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July 2013 Dr. Vern - Editorial

Posted in Features on July 1, 2013
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Contributors: Jp ArchivesDr. Vern
Photographers: Jp Archives

“Be afraid. Be very afraid.” I know that line is from “The Fly,” but it’s also very appropriate to my life right now. No, I’m not slowly morphing into an insect, not that I can tell anyway. (Editor’s note: There are quite a few benefits actually, but the company only covers this for editors and above.) The reason I’m so nervous is my favorite 4x4 swap meet is almost here, and I have a sizable chunk of cash squirreled away just for the event. It’s not quite enough money to bring home a complete, running Jeep, but I could probably spring for a double-tarper. For those of you not familiar with the term, it refers to a project Jeep covered with two tarps. One tarp goes on top, as usual, for protection from the weather. The second tarp wraps underneath to catch pieces falling off.

The scary part, of course, is that some unexpected expense will arrive before my Jeep fund can be properly spent on Jeep parts. I already went through this last year, as detailed in my September, 2012 column. As I count down the few days remaining until swap meet heaven, there’s no way I can relax.

With less than a week left as I write, maybe I could ease my troubled mind if I knew where the money will actually end up. Perhaps the transmission in the family car is about to suddenly go. Have you ever worried about how many precision (read: expensive) parts make up an automatic transmission? While there are a few components that can be replaced externally, most require major disassembly, at which point it’s overhaul time. Poof! Bye bye, Jeep fund.

Be afraid. Be very afraid.

Maybe the ancient water heater in the basement will finally give up the ghost. Not wishing to waste any money that should legitimately be spent on Jeeps, I’m ready for this one. Who needs a hot shower anyway, right? I can just heat water on the stove and give myself a sponge bath. I don’t see a problem with that, other than the mental image I just left for you.

I’ll simply have to man up and prepare for the swap meet as if nothing bad will happen. For any wives reading along, that’s about it for the month. Maybe I’ll throw in another editor joke, but for the most part, there’s nothing left worth reading this month. Say, isn’t that an Oprah special on TV right now? Hollywood hunks, is it? Don’t those guys ever wear shirts?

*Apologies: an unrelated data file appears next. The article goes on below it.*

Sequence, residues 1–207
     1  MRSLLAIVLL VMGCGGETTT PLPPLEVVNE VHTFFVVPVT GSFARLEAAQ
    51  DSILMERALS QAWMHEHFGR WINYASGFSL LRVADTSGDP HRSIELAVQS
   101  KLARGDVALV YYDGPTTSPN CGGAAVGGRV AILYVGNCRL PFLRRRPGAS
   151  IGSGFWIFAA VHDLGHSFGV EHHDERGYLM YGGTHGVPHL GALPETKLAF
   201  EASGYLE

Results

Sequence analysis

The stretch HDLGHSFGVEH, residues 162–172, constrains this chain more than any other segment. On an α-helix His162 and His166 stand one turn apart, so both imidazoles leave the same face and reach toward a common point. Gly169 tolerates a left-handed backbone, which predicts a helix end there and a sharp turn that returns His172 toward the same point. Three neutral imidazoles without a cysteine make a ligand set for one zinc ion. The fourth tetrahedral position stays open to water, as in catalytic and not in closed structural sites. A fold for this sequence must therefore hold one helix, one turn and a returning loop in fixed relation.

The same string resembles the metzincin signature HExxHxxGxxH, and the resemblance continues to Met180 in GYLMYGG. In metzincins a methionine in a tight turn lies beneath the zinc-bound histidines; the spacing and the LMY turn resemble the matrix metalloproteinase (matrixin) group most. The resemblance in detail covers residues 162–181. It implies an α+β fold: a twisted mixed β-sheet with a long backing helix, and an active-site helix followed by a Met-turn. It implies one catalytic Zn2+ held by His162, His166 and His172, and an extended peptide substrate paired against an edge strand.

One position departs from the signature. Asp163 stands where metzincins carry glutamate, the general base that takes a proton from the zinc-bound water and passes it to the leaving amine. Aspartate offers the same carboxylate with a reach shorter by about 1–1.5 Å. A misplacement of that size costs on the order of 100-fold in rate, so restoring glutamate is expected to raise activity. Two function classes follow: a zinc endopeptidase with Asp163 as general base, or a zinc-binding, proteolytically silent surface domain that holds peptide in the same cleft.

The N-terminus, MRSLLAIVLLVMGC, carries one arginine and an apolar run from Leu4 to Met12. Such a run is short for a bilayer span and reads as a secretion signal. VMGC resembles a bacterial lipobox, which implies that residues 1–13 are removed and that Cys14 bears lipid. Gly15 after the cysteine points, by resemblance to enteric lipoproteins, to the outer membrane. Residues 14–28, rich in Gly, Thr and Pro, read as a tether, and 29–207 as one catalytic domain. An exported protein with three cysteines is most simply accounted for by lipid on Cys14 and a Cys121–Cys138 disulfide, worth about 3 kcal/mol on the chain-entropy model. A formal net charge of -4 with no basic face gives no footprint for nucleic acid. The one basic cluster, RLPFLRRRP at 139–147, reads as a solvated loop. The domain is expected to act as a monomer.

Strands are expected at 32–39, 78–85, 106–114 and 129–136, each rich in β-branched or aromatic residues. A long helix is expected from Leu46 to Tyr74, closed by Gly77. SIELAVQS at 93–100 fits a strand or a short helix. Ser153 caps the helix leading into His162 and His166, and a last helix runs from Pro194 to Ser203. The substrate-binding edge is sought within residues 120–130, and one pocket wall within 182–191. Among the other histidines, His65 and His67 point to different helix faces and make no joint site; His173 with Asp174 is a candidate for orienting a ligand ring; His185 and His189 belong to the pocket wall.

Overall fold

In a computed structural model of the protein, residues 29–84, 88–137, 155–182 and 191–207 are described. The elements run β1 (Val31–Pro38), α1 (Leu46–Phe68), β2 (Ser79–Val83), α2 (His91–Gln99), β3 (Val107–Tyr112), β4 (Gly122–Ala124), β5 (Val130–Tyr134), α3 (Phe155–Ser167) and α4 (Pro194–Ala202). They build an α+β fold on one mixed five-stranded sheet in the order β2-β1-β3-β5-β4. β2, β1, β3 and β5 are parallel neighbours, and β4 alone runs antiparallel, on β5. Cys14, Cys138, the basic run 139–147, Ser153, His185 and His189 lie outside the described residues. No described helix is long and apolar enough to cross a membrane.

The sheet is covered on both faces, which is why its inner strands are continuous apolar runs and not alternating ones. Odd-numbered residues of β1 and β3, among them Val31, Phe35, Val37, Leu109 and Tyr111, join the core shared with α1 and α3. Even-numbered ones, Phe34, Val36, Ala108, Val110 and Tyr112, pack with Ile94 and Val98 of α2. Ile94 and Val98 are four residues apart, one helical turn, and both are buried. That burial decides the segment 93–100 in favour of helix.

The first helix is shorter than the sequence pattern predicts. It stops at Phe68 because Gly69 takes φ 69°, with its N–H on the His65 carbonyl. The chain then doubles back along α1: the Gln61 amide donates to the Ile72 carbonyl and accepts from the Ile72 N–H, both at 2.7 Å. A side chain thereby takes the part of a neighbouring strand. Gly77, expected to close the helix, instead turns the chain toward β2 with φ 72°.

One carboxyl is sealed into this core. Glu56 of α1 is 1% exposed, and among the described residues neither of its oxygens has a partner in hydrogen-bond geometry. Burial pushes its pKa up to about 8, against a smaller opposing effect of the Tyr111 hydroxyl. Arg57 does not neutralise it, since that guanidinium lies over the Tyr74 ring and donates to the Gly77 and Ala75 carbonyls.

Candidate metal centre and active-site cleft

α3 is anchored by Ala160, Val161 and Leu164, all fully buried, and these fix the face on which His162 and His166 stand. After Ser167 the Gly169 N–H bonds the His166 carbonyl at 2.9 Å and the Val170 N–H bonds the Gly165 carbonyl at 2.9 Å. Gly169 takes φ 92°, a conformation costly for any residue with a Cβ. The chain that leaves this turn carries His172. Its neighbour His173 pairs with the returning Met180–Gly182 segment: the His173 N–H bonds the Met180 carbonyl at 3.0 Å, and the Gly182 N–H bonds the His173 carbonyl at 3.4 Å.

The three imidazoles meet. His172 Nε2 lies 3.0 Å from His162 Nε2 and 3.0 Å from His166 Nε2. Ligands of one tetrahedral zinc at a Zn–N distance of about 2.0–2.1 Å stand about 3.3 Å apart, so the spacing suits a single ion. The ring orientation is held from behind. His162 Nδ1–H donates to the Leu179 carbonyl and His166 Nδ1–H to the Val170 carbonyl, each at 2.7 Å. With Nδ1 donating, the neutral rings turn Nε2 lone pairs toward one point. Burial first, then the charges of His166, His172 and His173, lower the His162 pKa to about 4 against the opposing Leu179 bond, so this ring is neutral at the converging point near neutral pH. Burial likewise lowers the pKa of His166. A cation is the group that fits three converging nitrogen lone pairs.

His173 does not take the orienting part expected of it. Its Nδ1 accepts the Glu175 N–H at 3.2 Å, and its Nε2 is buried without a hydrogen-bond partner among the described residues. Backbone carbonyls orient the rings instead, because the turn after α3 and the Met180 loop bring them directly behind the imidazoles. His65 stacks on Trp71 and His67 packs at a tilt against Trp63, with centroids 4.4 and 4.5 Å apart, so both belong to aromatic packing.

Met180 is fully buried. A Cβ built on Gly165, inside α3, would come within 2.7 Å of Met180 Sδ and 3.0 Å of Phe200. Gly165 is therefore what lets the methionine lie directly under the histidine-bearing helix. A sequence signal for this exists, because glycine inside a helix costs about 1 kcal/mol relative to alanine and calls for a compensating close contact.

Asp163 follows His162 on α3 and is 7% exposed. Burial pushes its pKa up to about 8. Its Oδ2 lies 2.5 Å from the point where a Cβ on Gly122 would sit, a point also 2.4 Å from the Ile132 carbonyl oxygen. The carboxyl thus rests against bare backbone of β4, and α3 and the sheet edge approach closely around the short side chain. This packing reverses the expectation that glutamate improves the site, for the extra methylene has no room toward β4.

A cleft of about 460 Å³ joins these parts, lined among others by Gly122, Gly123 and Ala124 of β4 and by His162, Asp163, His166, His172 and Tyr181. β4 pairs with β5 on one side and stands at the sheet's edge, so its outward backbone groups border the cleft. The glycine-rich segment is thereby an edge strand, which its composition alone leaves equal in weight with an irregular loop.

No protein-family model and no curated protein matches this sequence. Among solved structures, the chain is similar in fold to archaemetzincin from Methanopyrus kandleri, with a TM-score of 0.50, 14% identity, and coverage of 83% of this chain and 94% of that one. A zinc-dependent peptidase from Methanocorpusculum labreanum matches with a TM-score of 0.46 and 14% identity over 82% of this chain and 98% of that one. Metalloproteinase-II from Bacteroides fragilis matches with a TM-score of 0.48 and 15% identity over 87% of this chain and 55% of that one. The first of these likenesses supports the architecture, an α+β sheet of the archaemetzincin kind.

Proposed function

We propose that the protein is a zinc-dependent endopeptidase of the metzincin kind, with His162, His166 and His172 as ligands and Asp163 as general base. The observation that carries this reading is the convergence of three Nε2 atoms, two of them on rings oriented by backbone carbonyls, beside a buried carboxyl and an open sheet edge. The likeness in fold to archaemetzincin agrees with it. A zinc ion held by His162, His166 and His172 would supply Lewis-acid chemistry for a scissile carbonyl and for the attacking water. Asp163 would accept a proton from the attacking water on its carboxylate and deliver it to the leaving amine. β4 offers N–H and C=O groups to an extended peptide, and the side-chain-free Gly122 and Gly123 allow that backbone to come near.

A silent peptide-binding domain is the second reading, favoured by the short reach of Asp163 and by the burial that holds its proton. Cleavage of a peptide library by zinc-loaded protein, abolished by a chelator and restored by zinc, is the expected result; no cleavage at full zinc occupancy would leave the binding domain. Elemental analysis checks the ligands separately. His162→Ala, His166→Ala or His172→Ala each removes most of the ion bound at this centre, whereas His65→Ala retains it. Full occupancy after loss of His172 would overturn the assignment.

Did it work? Did all the wives quit reading? We guys need to have a talk about swap meet accounting. Amateur husbands will foolishly include all related expenses when discussing an item’s purchase price. This is so wrong, I don’t even know where to begin. A Jeep enthusiast, if cornered, must be able to say with a straight face that (insert latest Jeep purchase) cost only (insert swap meet bargain price). You’ve more or less satisfied the legal definition of “telling the truth,” so don’t volunteer any more fiscal details.

For example, this swap meet is about 200 miles from my Jeep ranch. That’s 400 miles round trip in an 11-mpg pickup. Under no circumstances should any husband ever fess up to something peripheral like the fuel bill. Fill the tank before leaving home. Plumb a spare drum of fuel in back to avoid stopping for gas. If your wife doesn’t see you spend the money, the expense never existed.

In years past, despite my best intentions, I’d still get up at the crack of noon and miss all the good stuff. I’m doing things differently this time. My wife and I are staying the night before in a hotel. And yes, just to clarify, the hotel is near the swap meet. That way, we can be there as the gates open. This is when you find the rare goodies, even if the prices are still high. Although the selection drops as the day goes on, prices drop even faster. With a hotel nearby, I can take an all-important nap after my initial rounds, and return energized for those end-of-day bargains.

The only downside? Hotels aren’t cheap! Since my lovely wife is enthusiastically tagging along, this severely limits my choice of hotels. I have no other option than to pick a place that qualifies as “nice.” Guys, pay attention! This means no hourly rates or crime scene tape anywhere on the premises.

So far we’ve covered transportation and lodging. What other expenses need to be swept under the rug for a successful swap meet excursion? Since it’s a long trip, I’ll need to plan for food, but has anybody honestly ever said the following? “Mmm, I’m really glad I ate that swap meet burrito!” Although gourmet food carts may be all the rage in some cities, I’ve never seen one on the inside of a swap meet fence. And knowing the Jeep parts at a swap meet have been scrounged from the back corners of warehouses and garages, you can’t help but wonder where the food vendors find their supplies.

That’s why my wife and I will be leaving the premises and driving somewhere nice for lunch. After all, I want her to look forward to this trip each year. I’ve even heard it’s extra romantic when the man does the ordering at a fancy restaurant. I suppose I don’t have much choice, though. The menu is always on the driver side.

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